February 16 - 2023
CompStak took a closer look at one of the hottest topics in real estate, office-to-residential conversions, utilizing office transaction data along with multifamily data from CompStak’s partner, RealPage. With suppressed office demand threatening the health of central business districts across the United States, many city governments are now debating how to enact zoning or policy changes or incentives to further encourage office to residential conversions. In this week’s analysis, CompStak evaluates office and multifamily performance in four key markets where this debate is well underway: San Francisco, New York City, Washington D.C. and Chicago.
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The triple threat of housing shortages, empty central business districts, and looming budget shortfalls have caused municipal leaders across the US to rethink their cities’ urban fabric. And on the surface, the prospect of converting office space to residential & mixed uses offers a way to attack all three problems at once.
Policy proposals for office-to-residential conversions are coalescing around a few key ideas, not limited to:
Removing residential density restrictions
Providing tax breaks and incentives
Delaying or removing impact fees
Some of America's largest urban cores are the subject of the proposals:
The City of Chicago recently announced its intention to reimagine LaSalle Street, an underutilized stretch of the downtown Loop plagued by rising office and retail vacancies.
Stakeholders in the Bay Area are exploring similar ideas for Downtown San Francisco’s South of Market (SoMa) and Financial District neighborhoods, whose businesses are suffering as tech workers continue to work from home.
In Washington, D.C., as the Federal Government’s work-from-home policy wreaks havoc on the city center, city government has launched an “Housing in Downtown” conversion abatement fund.
And perhaps most notably, New York Mayor Eric Adams announced his intention to rezone large swaths of Midtown Manhattan, such as in the Garment District and East Midtown, to allow for residential conversions.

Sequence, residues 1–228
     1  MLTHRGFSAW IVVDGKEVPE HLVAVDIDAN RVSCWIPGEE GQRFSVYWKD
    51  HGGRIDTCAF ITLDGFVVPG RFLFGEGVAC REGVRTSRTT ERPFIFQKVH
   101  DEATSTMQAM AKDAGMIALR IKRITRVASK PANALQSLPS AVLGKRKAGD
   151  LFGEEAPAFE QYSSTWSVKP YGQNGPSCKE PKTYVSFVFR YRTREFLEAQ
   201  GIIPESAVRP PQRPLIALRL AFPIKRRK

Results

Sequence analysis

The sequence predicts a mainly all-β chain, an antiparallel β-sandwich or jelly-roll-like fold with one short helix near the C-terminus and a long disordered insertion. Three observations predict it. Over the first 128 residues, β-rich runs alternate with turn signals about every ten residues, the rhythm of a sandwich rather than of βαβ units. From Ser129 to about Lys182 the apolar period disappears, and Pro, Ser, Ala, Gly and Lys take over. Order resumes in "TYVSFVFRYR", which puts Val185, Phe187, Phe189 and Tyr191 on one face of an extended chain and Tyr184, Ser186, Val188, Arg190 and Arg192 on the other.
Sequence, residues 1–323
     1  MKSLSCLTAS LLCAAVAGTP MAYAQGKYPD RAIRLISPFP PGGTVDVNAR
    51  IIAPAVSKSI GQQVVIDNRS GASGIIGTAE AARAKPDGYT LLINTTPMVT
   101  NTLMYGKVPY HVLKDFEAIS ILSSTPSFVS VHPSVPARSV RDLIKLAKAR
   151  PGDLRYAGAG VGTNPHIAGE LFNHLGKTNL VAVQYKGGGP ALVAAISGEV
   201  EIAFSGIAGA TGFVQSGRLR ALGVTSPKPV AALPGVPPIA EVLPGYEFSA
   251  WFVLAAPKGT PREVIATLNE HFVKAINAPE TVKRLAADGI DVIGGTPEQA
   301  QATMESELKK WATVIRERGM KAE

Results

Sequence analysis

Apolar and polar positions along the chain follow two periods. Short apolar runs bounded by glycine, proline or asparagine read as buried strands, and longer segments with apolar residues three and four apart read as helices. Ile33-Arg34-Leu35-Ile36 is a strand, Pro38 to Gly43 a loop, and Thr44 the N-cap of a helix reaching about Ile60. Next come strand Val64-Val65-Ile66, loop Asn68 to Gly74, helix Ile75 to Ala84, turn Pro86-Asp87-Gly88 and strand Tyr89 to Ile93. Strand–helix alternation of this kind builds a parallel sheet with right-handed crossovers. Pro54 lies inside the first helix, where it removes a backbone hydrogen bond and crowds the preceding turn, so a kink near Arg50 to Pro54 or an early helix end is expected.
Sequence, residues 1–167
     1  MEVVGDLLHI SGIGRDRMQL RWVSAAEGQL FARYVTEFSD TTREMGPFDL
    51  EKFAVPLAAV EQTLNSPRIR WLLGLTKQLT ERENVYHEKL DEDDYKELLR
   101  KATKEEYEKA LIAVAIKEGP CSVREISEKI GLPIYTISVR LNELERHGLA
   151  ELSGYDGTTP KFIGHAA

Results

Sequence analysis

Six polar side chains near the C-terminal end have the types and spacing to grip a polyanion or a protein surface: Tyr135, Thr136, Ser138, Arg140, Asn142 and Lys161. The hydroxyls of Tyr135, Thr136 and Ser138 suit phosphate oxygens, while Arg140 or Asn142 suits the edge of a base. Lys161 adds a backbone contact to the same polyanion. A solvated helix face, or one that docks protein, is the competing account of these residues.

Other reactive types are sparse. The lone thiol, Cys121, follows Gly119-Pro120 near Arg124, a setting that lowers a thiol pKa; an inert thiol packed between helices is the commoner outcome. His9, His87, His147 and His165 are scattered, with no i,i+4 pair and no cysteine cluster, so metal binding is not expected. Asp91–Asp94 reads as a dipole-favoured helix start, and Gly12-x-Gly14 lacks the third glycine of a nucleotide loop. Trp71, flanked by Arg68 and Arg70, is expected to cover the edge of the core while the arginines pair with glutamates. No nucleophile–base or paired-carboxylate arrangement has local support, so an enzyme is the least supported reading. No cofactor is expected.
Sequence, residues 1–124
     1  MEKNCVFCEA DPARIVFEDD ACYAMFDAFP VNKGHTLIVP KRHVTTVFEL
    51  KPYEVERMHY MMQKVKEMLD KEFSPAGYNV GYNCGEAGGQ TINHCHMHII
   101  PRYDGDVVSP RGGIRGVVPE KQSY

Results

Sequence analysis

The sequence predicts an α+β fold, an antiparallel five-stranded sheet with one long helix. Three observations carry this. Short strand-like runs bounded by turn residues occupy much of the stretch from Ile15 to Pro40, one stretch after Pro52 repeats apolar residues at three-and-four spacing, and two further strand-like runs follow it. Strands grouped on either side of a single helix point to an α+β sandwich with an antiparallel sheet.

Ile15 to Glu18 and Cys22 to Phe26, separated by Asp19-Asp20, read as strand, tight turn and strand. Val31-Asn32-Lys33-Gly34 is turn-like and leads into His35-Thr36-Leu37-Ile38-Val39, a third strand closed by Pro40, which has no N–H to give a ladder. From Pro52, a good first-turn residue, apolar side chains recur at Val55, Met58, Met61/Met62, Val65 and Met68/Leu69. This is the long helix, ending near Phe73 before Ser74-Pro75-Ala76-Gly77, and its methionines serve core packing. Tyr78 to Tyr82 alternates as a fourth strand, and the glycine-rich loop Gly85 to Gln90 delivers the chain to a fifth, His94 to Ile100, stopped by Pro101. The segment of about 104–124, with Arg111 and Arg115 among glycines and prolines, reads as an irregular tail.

CompStak took a high-level look at office and residential market performance in these areas.
One key lesson from Lower Manhattan’s Post-9/11 transformation was that conversion of office space was far more likely to occur in pre-war buildings and in Class B/C offices with smaller floorplates. This is a challenge for cities and office markets where larger floorplate buildings or post-war buildings are struggling to retain tenants or are knocking at the door of obsolescence, but also are not ideal candidates for conversion.
This spells particular trouble for a few targeted submarkets in the four cities analyzed. For example, among those submarkets under consideration for conversions, between 45% and 55% of office space in each submarket was built between 1960 and 1990, with the exception of Times Square South (only 4.0%). The average built year for office stock in three of the five submarkets analyzed ranged from 1957 to 1965. Less than 25% of office space in each submarket was constructed after 1990 with the exception of Central D.C. (34.7%), which has an average built year for office space much higher than its counterparts at 1980.
New York City’s Times Square South submarket (which encompasses the Garment District), boasts the greatest percentage of pre-1960 buildings, while the city’s other targeted submarket, Midtown East, contains the greatest share (92.3%) of office product built before 1990 altogether.
These submarkets have been discussed as prime for conversion because much of their office stock is older and tenants are increasingly drawn to new or renovated product, especially since the pandemic began. How has leasing trended in these submarkets especially in older Class B/C product over the last few years?
Lower demand for office space in these submarkets is reflected in the trend in effective rent growth. Marginal positive rent growth can only be seen in pre-1960 and post-1990 office buildings in Midtown East Manhattan and Central D.C.
In Manhattan’s Times Square South and SoMa in San Francisco, effective rents declined in every built year category between 2019 and 2022. The same would be the case for the Chicago Loop absent a small positive increase in effective rents in mid-century buildings over the same period. Pre-1960 offices, making up 36.0% of space in SoMa, had the sharpest decline in rents overall (-20.0%).